The automotive industry is not very happy with Millennials and Gen Z. It seems that in comparison to the Baby Boomers and Gen X, the latest up-and-coming generations are less car-crazed thus creating great difficulties and consternation for those that are making automobiles.
Purchases of cars by the younger set are dropping world-over. Several surveys have shown that the latest generations don’t put car ownership particularly high on their list of things to do.
Chatting with Millennials and Gen Z reveals that If they can avoid having to drive a car, they will happily and eagerly find a means of doing so. You can contrast this viewpoint to those of us from the prior generations. We grew up believing that having and owning a car was a crucial part of life, something that was a must-do. Being able to legally sit behind the steering wheel was a source of pride. You were in charge of a metal beast, demonstrating your strength and virility! The car was also a source of freedom, being able to escape from the overshadowing heavy-handed control of your parents and stood as a path to your rightful independence.
The latest gen is also aware that gasoline-powered cars are emitting harmful emissions. While they also know that it is much improved in comparison to prior years, nonetheless, it is still a bad thing. They are interested in EVs as an ecological matter, but also unsure about EVs since they are well aware of how labor (and sometimes child labor) is exploited in mining in third-world countries where raw materials for EV batteries are mined. So, they are not willing to commit just yet to EV’s.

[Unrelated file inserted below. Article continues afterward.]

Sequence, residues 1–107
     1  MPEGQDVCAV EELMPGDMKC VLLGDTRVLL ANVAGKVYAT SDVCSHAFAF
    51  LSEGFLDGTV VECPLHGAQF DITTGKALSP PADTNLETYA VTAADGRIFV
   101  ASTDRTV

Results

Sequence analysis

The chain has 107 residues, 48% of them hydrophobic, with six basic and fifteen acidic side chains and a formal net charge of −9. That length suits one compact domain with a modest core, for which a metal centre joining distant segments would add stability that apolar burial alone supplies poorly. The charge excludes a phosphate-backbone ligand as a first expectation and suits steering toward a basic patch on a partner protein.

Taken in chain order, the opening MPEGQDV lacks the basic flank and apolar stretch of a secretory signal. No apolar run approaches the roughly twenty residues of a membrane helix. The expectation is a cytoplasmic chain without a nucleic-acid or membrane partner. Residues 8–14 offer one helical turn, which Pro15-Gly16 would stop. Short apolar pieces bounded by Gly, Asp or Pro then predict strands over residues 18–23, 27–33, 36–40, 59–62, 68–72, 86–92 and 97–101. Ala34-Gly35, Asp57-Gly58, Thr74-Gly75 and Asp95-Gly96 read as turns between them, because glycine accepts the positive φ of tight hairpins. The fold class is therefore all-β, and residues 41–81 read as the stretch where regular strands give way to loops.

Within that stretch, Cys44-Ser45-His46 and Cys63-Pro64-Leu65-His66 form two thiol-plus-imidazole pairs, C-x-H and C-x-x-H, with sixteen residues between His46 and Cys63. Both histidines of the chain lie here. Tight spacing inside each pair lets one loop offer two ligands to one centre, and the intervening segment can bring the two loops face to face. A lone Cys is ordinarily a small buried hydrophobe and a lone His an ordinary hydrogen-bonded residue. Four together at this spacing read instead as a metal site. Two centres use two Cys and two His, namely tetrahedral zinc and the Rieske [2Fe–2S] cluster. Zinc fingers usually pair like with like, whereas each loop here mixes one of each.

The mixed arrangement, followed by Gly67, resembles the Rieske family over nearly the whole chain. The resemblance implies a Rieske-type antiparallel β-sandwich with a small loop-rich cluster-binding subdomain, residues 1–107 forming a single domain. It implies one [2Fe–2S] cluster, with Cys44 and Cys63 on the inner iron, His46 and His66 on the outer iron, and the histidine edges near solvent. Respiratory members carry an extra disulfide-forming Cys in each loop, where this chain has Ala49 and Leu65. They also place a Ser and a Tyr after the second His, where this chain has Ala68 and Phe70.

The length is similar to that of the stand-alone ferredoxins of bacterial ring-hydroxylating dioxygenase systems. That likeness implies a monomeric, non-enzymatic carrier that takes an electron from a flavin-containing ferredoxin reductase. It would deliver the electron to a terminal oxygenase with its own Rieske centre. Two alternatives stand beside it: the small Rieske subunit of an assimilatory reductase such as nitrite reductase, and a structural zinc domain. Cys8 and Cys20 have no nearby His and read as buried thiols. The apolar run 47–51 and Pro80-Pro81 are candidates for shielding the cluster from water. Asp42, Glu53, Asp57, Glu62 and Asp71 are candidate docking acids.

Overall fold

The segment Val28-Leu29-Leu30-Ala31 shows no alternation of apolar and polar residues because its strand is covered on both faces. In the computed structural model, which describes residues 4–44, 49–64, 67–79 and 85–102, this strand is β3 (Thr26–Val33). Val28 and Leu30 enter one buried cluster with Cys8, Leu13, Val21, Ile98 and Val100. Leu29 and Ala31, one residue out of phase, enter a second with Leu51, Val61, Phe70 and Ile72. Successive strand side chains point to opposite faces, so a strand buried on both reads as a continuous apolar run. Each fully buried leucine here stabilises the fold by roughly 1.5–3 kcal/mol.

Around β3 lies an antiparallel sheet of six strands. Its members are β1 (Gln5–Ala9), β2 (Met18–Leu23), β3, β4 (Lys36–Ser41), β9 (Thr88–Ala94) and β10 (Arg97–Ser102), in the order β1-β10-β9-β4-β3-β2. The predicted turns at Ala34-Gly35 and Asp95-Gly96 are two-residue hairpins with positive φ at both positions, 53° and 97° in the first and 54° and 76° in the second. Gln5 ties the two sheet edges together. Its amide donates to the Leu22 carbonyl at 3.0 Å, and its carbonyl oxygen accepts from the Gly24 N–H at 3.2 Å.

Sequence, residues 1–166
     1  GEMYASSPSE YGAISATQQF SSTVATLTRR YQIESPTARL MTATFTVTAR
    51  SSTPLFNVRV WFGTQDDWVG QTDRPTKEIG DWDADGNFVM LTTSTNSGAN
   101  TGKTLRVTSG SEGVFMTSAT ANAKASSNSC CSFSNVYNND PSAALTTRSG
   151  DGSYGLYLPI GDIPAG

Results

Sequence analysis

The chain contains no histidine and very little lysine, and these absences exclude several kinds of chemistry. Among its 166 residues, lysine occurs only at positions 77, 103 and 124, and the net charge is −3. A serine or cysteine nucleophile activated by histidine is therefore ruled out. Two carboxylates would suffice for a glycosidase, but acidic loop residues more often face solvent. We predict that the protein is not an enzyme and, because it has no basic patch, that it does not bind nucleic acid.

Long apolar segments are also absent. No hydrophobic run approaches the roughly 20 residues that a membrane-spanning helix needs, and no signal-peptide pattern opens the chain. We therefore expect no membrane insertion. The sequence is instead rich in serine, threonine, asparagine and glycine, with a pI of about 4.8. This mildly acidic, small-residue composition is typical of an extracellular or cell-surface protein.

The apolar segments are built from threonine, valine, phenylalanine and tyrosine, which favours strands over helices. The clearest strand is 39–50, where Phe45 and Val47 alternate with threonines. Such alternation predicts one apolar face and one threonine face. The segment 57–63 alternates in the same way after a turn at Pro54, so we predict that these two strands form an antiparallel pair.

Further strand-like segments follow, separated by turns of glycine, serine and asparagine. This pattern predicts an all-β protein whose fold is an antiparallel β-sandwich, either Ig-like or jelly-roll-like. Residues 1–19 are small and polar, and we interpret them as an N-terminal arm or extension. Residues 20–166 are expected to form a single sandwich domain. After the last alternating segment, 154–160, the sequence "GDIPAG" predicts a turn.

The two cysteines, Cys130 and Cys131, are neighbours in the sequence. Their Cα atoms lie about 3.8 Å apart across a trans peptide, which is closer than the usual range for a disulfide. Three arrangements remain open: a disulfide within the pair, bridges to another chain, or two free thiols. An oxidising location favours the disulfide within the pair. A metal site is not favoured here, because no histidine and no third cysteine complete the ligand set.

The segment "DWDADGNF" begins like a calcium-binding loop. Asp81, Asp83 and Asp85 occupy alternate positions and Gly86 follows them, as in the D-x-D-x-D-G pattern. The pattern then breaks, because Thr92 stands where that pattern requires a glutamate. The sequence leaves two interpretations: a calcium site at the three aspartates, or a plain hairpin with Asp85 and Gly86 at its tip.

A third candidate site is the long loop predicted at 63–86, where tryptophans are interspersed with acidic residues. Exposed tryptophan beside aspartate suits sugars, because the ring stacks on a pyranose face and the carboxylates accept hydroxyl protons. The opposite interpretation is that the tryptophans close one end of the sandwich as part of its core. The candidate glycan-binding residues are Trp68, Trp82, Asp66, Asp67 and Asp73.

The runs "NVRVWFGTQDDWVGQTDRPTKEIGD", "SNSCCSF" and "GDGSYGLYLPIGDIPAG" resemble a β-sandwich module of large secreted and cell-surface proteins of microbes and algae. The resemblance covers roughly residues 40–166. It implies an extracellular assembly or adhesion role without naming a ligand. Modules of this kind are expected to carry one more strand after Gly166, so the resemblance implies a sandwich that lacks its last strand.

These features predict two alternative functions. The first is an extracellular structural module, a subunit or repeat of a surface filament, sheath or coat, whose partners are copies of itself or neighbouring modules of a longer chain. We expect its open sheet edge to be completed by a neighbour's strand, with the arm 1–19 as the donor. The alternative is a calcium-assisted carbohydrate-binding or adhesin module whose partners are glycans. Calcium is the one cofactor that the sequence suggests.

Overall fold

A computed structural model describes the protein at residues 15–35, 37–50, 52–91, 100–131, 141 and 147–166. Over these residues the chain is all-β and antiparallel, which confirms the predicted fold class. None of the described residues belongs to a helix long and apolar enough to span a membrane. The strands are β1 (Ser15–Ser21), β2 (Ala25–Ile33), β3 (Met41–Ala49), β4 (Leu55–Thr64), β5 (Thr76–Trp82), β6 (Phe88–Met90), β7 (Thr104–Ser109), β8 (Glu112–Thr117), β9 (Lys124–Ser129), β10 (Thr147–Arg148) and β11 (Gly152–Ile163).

One wonders if the latest gen is maybe holding out until driverless cars appear, which would be another explanation for their hesitancy of buying a car today. Would you go out and buy a conventional car or even a semi-autonomous car, if you knew for sure that fully autonomous cars were now ready and able to be obtained? Don’t think you would.
Currently, there is a theory that driverless cars will be owned by large companies, either the automakers themselves or ridesharing firms or other conglomerates that will get into the game. These owners will have fleets of driverless cars. They will position their autonomous cars in places to make as much money as possible, doing so one ride at a time. It could get ugly, though, since you might have competing driverless cars, all vying to get your ride, flowing inside cities and neighborhoods, trolling and roaming to find the next paying passenger.
In the future, you could possibly also buy a driverless car, and when you are at work or sleeping at home, you put it onto a ride-hailing network. It goes off to make you money when you don’t need it, and you bring it back to you when you want it to drive you around! Now that is a real income-producing investment in a car!